Photo2014 It was the first British Photographic Exhibition to go completely digital, a decade ago in 2003. Since then, the Vale of Evesham Camera Club’s exhibition has gone from strength to strength. Exhibition chairman and club secretary, John Kellett BPE2* shares his insights for the forthcoming Photo2014 Competitions INTERVIEW
Give us an ‘in a nutshell’ guide to the VECC’s exhibition. This year, Photo2014, will be the 25th photographic exhibition, organised by VECC (Vale of Evesham Camera Club). Back in 2003, we began to allow digital entries and we hosted the gallery of acceptances on the Internet – at the time, it was the first national digital exhibition of this type. Our exhibition was also unusual at that time for including a category for creative/reality-altered images, which attracted manipulated images. This was in addition to the near standard exhibition categories of Colour, Monochrome and Natural History. Since the change to digital, the exhibition has grown practically every year; last year attracting just under 4000 entries. Photo2014.net is a member of BPE (British Photographic Exhibitions); there are currently 21 affiliated exhibitions. Acceptances in these count towards crown awards. There are various levels of award and they start at BPE1* for entrants who have accumulated 25 acceptances in BPE events. They receive a certificate and ribbon and can use the letters after their name to acknowledge their award. The exhibition also enjoys PAGB patronage and so is able to present PAGB medals and ribbons to award- winning images. Each of our selectors also awards a VECC selector’s medal to images of their individual choice in each category. All entrants receive a colour illustrated printed catalogue and accepted images are displayed in the gallery on the exhibition website. Additionally we sell exhibition show DVDs and they are popular for showing at club nights. How long have you been involved in the VECC? I joined in 2001 and have been the ‘long suffering hon sec’ since 2002, with the usual tour of duty as ‘hon chairman’ from 2007 to 2009. I had previously been a member of Solihull Photographic Society and spent 11 years in various roles on its Committee. I have been involved in the organisation of exhibitions since the 1980s and clearly the biggest changes have been the introduction of digital cameras, the progress in photographers’ skills with Photoshop and the demise of slides. In more recent times, there’s been the development of inkjet printers capable of producing black & white prints comparable to darkroom prints. What have been the big changes since the first event you organised?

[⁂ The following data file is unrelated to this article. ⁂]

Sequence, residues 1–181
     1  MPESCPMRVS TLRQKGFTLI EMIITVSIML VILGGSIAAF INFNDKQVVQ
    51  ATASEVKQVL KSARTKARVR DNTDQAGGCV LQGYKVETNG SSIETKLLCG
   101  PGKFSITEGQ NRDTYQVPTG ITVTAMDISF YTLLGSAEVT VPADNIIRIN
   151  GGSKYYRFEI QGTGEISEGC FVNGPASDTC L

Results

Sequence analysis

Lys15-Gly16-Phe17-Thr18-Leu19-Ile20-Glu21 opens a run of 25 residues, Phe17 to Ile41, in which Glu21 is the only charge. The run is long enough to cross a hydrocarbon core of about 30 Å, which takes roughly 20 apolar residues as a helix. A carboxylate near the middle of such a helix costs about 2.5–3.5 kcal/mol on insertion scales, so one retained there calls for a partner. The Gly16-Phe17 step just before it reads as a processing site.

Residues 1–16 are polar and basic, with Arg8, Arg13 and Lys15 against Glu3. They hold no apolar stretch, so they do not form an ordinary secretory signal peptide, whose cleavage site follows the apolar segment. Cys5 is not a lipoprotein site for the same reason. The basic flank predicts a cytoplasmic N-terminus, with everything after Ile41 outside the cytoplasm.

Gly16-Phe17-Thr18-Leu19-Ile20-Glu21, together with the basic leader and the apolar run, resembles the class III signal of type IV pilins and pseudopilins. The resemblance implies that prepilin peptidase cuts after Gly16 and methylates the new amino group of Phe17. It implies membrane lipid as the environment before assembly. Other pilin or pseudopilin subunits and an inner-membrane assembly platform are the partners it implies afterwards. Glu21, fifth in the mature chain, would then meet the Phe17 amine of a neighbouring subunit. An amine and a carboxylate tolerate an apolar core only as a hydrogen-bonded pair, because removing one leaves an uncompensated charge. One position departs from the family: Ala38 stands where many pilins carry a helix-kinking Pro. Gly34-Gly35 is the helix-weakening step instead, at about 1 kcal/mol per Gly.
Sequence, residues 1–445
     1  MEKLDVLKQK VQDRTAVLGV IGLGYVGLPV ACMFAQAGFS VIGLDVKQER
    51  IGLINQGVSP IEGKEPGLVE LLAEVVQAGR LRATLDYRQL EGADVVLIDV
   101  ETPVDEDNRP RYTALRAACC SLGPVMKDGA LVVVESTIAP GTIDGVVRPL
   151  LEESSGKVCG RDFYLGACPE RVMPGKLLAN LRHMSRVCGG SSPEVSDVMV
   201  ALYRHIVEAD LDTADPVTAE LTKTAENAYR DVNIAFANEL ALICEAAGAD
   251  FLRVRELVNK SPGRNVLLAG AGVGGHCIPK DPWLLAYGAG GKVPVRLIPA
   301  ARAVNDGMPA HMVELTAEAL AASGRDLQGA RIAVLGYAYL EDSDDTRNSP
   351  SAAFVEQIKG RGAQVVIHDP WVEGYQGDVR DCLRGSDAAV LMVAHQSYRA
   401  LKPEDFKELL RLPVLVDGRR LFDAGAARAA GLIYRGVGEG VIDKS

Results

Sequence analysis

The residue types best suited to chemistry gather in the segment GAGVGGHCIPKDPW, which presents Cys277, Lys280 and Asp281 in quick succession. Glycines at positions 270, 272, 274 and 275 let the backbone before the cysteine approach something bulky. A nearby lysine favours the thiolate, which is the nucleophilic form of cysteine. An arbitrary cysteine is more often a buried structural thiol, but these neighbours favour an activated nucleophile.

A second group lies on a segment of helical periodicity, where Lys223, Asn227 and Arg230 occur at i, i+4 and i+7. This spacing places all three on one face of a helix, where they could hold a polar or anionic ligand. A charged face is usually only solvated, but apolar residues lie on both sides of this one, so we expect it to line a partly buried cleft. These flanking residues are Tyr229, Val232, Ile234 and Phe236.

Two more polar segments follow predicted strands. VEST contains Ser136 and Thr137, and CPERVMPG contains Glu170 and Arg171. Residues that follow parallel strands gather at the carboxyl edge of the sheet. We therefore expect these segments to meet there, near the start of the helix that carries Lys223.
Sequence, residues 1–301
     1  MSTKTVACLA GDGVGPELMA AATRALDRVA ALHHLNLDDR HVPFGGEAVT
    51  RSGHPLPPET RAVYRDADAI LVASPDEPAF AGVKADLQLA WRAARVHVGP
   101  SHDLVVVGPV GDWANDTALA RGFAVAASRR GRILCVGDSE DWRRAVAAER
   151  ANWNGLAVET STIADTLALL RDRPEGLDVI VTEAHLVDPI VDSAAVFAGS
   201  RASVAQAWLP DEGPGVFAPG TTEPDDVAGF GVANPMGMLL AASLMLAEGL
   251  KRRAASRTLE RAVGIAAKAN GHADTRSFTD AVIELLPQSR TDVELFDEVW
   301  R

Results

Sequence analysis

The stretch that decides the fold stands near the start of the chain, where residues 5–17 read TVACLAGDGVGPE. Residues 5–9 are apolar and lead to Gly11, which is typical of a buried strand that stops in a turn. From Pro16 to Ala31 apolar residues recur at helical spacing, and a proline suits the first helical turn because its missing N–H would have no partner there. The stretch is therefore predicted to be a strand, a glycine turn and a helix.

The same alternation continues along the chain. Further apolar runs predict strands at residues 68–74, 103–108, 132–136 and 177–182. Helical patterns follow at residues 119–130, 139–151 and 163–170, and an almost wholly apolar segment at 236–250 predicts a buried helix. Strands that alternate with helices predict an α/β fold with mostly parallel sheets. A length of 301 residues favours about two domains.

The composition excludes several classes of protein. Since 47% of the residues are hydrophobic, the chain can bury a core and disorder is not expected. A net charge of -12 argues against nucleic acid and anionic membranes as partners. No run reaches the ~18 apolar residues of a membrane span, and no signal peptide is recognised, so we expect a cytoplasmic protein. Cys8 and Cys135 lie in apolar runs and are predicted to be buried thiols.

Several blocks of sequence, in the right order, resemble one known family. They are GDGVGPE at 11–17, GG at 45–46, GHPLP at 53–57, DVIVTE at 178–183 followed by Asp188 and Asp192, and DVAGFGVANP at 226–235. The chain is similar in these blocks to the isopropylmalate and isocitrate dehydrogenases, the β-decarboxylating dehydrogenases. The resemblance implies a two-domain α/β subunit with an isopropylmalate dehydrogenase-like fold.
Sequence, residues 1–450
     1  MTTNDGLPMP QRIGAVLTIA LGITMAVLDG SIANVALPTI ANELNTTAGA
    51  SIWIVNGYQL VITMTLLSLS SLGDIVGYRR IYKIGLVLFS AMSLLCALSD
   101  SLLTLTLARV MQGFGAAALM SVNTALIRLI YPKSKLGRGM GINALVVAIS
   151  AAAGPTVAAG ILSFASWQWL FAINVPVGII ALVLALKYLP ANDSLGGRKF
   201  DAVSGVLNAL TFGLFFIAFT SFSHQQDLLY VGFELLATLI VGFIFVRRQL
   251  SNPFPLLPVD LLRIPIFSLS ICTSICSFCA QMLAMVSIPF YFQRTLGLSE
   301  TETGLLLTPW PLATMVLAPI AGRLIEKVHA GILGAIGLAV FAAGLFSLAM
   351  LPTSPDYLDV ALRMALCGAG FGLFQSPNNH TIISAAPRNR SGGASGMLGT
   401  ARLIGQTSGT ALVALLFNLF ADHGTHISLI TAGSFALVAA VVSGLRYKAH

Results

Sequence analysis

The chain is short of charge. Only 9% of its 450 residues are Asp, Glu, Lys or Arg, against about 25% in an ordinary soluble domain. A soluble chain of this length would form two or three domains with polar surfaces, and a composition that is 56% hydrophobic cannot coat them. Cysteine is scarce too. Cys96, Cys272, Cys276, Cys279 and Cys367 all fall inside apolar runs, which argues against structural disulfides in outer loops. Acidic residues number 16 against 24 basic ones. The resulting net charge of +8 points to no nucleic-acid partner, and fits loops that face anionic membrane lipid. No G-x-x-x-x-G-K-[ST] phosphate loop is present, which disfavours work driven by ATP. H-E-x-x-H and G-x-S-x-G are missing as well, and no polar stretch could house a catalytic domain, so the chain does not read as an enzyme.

Interview by Will Cheung
Tell us a bit about your own photographic background. Both my father and grandfather were keen photographers. My earliest memory of taking photographs would be of waterfalls circa 1958. In the 1960s I used to take pictures with a pre-war folding Zeiss Ikon roll film camera. However later, whilst working at a Grand Prix abroad as a constructor, I was accidentally, due to language difficulties and being in the company of three press friends, given a press photographer’s pass. It took a long time to live down the mirth of my paddock colleagues who, as I was taking some pictures of engineering detail, saw the press pass along with my old bellows-fronted camera. I felt forced to purchase a 35mm SLR camera. As well as motorsport, I then started taking pictures in folk clubs using fast films, like Kodak 2475 recording film, which could be pushed to ISO 6400. I gained my first exhibition acceptances back in 1977 with live folk club and motorsport images. Who are your favourite photographers? Now this is a difficult question. I always admired and was influenced by Don McCullin, who made his reputation with stark black & white Vietnam war photographs – he’s one of Britain’s greatest ever photojournalists. In the 1970s I was inspired to join a camera club by the late Ron Edwards FRPS who used to sketch the idea for an image then set out to collect images of all the component parts to make up a darkroom engineered composite colour derivative image. I can still recall and describe in detail a number of his images despite having not seen them since the 1970s. I also like Steven Le Prevost FRPS, AFIAP, MPAGB; Colin Harrison FRPS, MPAGB, MFIAP, EFIAP/s, FBPE; Kathryn Scorah MPAGB, FBPE and Gwen Charnock FRPS, MFIAP. Additionally, Guy Edwardes, renowned for his landscape and wildlife photography.
Photography News | Issue 4
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